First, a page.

Esme’s boyfriend, Mitchell van Leuven, is old-money rich, handsome, successful, and irretrievably damaged. When he dumps Esme—just before she tries to tell him about the baby—she resolves to manage alone. She will keep the child and her scholarship, while finding a part-time job to make ends meet. But that is easier said than done, especially on a student visa.
The Owl is a shabby, second-hand bookstore on the Upper West Side, an all-day, all-night haven for a colorful crew of characters: handsome and taciturn guitar player Luke; Chester, who hyperventilates at the mention of Lolita; George, the owner, who lives on protein shakes and idealism; and a motley company of the timeless, the tactless, and the homeless. The Owl becomes a nexus of good in a difficult world for Esme—but will it be enough to sustain her? Even when Mitchell, repentant and charming, comes back on the scene?
A rousing celebration of books, of the shops where they are sold, and of the people who work, read, and live in them, The Bookstore is also a story about emotional discovery, the complex choices we all face, and the accidental inspirations that make a life worth the reading.
*eGalley received from publisher via NetGalley for review*
Published August 20th, 2013 by Gallery Books
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This novel is not a romantic comedy..although there were definitely some funny bits; it's not a tragedy; it's not pure romance or smut. It's the thinking girl's attempt at romance/art....light on romance on heavy on art.
Yes. The art and life as an exchange student in New York City is the main focus of this story. And the life of Esme and the people she encounters. I am still sort of at a loss as to how I feel about the story. As a whole, I really did enjoy it. The writing was very descriptive and elegant. Very, very elegant. I think Shelley will compound on how we felt about Esme and her personal choices!
Esme is a naive Brit trying to make sense of the world in which she lives and finds herself pregnant in. She's far from home, has very few friends she can count on and (I'm sorry to say) her boyfriend is a douche bucket. This novel is devoted to her reflecting on the things and people around her--trying to figure out how it all works and how she feels about it; it kind of reminds me of being underwater--everything is distorted and you are completely in your head the entire time you are under.
Yes, Mitchell the rich arse is definitely a douche bucket. (I like the word douche, personally because Amazon doesn't block it..classy, yes. We know.) But he is truly dreadful. I liked how she was able to go through all of the normal emotions I suppose one would find themselves contemplating if you were 23 and alone in New York City and become pregnant. That was very well written and believable. The disdain I have for her or anyone putting up with someone who treats them as inferior and seriously just awful for the sake of propriety. No. Ugh, just no. Poor thing.
In order for her to make ends meet Esme takes a job at her favorite second hand bookstore--The Owl. It's the interactions with the characters in this bookstore that provide her with much needed social interaction and cause her to ponder, briefly, what the hell she's doing with her life. George, Luke, Bruce, Dennis, and Deemo, challenge her views and give her a reason to think about her views.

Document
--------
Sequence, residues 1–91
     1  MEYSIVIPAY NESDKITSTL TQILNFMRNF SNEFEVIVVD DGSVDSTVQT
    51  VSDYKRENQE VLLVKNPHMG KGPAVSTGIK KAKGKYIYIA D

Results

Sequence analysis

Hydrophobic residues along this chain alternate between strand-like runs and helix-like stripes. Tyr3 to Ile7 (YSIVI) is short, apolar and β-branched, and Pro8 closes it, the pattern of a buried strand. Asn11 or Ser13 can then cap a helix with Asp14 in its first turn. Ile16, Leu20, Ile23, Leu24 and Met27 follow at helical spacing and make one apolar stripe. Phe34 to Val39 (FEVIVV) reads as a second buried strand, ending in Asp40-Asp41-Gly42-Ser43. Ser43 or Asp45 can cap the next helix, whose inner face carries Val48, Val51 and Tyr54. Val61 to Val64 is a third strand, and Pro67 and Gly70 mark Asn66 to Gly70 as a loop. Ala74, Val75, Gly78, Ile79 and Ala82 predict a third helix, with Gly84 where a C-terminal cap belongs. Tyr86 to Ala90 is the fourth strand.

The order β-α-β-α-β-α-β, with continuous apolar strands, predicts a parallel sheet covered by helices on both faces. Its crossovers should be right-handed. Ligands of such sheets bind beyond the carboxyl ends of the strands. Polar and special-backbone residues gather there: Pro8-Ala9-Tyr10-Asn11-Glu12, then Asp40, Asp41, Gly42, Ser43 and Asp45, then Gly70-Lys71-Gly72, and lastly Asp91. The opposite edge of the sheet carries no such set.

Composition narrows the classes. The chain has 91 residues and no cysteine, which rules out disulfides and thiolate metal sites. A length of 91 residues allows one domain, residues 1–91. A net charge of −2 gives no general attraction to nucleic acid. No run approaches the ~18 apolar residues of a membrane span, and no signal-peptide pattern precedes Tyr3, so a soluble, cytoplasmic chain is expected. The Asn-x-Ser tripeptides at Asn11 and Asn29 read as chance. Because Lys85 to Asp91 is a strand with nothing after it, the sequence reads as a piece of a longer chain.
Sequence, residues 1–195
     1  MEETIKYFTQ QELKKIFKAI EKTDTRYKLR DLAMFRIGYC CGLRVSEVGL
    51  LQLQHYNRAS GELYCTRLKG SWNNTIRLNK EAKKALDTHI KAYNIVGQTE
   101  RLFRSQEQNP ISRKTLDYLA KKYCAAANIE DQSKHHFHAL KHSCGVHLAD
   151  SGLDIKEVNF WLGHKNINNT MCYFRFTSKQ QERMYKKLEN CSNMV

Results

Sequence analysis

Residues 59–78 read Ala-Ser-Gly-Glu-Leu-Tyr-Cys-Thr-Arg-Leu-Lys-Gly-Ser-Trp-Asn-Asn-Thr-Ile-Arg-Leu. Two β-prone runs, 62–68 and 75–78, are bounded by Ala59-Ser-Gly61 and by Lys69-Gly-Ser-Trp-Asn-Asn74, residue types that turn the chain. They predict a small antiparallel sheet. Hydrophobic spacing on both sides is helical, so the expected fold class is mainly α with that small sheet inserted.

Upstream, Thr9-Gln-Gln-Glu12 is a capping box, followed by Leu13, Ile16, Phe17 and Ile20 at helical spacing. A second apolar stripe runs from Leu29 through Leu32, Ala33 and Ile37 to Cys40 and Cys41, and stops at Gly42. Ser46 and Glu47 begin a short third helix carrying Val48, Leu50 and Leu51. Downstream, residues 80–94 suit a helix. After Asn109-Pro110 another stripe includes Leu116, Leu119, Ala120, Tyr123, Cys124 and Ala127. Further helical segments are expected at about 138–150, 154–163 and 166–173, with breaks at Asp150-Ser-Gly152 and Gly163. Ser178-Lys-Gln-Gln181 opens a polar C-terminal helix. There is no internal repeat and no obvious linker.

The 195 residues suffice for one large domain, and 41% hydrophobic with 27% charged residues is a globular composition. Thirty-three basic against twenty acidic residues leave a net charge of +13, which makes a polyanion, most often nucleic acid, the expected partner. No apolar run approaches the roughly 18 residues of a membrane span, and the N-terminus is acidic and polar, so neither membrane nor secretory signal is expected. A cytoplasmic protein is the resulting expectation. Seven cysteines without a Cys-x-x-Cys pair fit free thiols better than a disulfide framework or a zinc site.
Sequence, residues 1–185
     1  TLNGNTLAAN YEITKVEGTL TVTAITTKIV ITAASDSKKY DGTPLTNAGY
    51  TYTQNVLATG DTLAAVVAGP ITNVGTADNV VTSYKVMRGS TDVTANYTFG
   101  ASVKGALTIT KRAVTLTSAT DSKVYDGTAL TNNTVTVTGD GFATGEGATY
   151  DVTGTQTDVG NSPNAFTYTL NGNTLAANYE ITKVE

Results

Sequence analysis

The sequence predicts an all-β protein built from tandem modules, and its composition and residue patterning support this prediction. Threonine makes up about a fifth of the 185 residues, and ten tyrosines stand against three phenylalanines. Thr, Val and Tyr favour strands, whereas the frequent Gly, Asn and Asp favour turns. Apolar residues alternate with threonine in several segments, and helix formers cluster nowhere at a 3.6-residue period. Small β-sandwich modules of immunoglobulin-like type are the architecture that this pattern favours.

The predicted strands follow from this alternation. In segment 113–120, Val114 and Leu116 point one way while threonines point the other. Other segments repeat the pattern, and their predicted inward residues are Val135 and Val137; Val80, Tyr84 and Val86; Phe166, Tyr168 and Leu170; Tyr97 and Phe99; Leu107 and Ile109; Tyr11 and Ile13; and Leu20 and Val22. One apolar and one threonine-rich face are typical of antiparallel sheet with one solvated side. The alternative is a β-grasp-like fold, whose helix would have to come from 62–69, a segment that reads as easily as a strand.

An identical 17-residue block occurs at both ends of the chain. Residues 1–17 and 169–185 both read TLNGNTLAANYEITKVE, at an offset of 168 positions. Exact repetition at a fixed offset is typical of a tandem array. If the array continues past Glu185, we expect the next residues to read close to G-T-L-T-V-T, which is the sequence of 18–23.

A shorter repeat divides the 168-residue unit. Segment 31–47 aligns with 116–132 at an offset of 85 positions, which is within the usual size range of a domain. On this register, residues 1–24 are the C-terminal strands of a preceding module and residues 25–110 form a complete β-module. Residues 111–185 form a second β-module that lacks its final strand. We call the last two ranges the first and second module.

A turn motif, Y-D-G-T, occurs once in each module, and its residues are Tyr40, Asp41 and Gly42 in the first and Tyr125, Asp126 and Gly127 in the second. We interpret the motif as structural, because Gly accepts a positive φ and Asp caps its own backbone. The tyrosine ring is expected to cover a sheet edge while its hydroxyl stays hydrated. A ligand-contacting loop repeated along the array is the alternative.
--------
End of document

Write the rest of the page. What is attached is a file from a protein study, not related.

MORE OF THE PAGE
The Owl is the gem of this story. The characters there bring all of the art and books and reverence to the subject to a place that mean something. I for one love book stores of all kinds, but one like this would be simply amazing to work at. All of the regulars lent something special to the story, and to Esme whether she realizes it or not. I hope she did. Eventually.
Her douche bucket boyfriend, Mitchell, also offers us some insight into Esme. She's so naive. She finds herself continually pulled into his esoteric crap and every time I think she's going to call him on his bullshit, she instead falls for it. GAH!!! For someone so very smart, she's very dumb. Maybe it's because she's scared and pregnant. Or maybe she actually believes that she's in love with that loser Mitchell??!!! But for some reason she refuses to see him for what he is and tries to make it work...for way toooo long.
That would probably go along with the idea that my family used to tell me...To be so smart, sometimes you do really dumb things. Sadly, it was true. Maybe with some understanding of books leads to being less able to develop any sort of common sense? Maybe. I don't know that that is true of all people, but Esme definitely fits this bill. She needed some guidance from someone who would tell her to man up and act like a New Yorker that she was so desperate to be instead of English and apparently snowed over by everyone in her life. I refuse to believe that is how she is always going to be! I needed her to be much more empowered!
By the end, I found myself still a little perplexed...not much is really resolved and I still found myself trying to make sense of some her choices, so be prepared. If you like high end art and literary references and enjoy imagining (as I did) the beautiful scenery of New York City, then give this book a try.
The setting and books and overall pace of the story did lend for some easy reading and wanting to find out where all of the people went and if their choices had a lasting impact. I'm so stuck on the HEA plot, that I'm still not sure if we got one. Maybe we did, and maybe we didn't...You'll have to see! The writing was like I said elegant and sophisticated and while I very much enjoyed it and this story...I find myself to be not either of those things apparently...(maybe it's because we've said douche in this review way too many times! Mitchell is a douche.)
Shelley: 3 Stars
Courtney: 3 Stars